Rocky Gray claimed he was silenced

As stated above, drummer Rocky Gray left Evanescence around the same time as John LeCompt. Unlike LeCompt's, however, Gray claimed that he was being legally gagged and prevented from speaking about why he left the band. As Blabbermouth quotes Gray in 2007, "Amy Lee's management emailed me last night to tell me that, in their view, the contract I signed to record, perform and tour with the group says that I'm not allowed to have any free speech in regard to Evanescence. The way they spin it, I'm not even allowed to say I quit the group, I guess."

According to Lee, however, Gray didn't quit Evanescence — he was fired. Lee spoke about things plainly on an Evanescence fan club message board (per Spin), saying that it had been clear that both LeCompt and Gray had been unhappy in the band, "They were very vocal about the fact that they didn't really care about Evanescence at all, and just stayed around for the money. I treated both John and Rocky with nothing but kindness and respect, and I got nothing but jealousy and resentment in return."

This statement by Lee clarifies what she meant when she said that she would "continue to protect and fight for it [the band]" following LeCompt's departure. Gray has been silent since then regarding both his time with Evanescence and how he exited the band and hasn't clarified anything further.

Jen Majura was fired by phone

Fast-forward a bit and we reach guitarist Jen Majura, who joined Evanescence following Terry Balsamo's amicable exit in 2015. When Majura joined the band, everyone seemed elated about the decision. On the Evanescence website (via Digital Spy) the band wrote, "After scouring the globe, I found Evanescence's missing piece in South Germany. She plays like a supervillain, sings like an angel, and laughs like a great friend." Seven years later in 2022, Majura was out.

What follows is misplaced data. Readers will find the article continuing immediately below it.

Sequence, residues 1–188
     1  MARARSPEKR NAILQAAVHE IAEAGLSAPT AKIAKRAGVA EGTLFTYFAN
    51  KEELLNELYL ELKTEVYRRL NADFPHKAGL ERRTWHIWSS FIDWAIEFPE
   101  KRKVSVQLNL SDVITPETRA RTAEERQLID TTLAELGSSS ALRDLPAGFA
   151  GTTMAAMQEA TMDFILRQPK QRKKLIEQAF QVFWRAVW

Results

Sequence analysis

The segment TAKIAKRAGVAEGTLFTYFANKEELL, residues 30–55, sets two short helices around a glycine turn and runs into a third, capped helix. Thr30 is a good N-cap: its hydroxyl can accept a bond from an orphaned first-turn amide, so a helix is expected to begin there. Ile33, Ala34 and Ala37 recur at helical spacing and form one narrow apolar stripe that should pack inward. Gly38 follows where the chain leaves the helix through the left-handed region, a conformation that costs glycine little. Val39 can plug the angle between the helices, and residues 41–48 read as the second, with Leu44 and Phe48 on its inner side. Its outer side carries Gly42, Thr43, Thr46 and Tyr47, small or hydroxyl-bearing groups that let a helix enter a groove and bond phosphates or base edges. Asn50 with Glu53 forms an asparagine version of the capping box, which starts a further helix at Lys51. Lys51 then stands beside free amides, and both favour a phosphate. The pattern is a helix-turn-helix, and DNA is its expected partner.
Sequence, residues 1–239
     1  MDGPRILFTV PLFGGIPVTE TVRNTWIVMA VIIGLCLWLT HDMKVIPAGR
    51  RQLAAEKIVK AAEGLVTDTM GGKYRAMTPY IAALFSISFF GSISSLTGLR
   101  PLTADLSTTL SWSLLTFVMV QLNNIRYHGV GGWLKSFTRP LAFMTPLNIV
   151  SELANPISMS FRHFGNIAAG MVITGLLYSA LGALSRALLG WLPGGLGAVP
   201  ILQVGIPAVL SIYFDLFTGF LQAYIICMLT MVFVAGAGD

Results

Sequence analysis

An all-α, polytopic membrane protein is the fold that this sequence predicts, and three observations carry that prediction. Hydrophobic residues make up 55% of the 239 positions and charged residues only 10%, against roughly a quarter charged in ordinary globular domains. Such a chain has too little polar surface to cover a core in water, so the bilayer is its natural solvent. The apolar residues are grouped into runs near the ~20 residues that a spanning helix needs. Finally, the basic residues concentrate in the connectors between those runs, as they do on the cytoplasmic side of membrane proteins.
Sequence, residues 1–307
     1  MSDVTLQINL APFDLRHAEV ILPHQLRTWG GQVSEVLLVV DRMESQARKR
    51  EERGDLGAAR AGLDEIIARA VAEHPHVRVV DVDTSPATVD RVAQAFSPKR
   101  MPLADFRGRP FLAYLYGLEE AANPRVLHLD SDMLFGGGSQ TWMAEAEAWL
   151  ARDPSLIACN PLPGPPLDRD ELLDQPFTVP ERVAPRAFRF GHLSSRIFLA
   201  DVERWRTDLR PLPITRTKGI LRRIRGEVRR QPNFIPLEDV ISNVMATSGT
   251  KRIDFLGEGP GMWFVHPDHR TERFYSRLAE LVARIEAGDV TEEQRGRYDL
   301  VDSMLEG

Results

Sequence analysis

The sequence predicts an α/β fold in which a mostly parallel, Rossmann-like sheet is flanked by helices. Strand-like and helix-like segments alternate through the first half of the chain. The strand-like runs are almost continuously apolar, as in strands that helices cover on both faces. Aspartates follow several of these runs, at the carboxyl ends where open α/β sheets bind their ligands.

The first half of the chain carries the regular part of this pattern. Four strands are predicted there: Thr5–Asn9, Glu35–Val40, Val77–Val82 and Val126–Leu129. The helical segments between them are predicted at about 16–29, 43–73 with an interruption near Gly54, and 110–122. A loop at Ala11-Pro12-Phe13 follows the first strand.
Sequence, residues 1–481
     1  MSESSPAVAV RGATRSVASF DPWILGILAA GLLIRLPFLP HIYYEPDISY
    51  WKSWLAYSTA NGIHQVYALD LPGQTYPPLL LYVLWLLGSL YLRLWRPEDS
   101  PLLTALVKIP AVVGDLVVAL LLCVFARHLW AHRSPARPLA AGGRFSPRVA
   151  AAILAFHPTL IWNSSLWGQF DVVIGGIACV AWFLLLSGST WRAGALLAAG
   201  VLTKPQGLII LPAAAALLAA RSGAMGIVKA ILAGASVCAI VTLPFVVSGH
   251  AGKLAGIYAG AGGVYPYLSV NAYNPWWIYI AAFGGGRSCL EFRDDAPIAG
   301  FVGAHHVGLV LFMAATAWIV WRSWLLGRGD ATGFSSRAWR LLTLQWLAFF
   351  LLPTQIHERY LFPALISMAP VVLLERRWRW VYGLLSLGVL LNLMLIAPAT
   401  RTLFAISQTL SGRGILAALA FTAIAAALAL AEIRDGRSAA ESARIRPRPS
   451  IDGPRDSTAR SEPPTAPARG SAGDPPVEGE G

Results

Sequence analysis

In what seems like another case of firing via telephone, Majura on Blabbermouth said that she was randomly cleaning her apartment one day and received a phone call letting her know that she was kicked out of the band. At the time the band said, "It has been a very special chapter in the band with our dear friend Jen Majura, but we have decided it's time to go our separate ways." Several hours later Arrow Lords of Metal reports that Majura jumped online, saying, "I feel the need to address that none of this was my decision! I have no hard feelings against anybody and I wish Evanescence all the best." Majura didn't have anything bad to say about Lee or Evanescence on a whole, and only reiterated how shocked and hurt she was at being fired. 

Lee never offered any further information about why Majura was let go. But, a leaked chat log of Majura's on X shows that she was passing along confidential information to fans.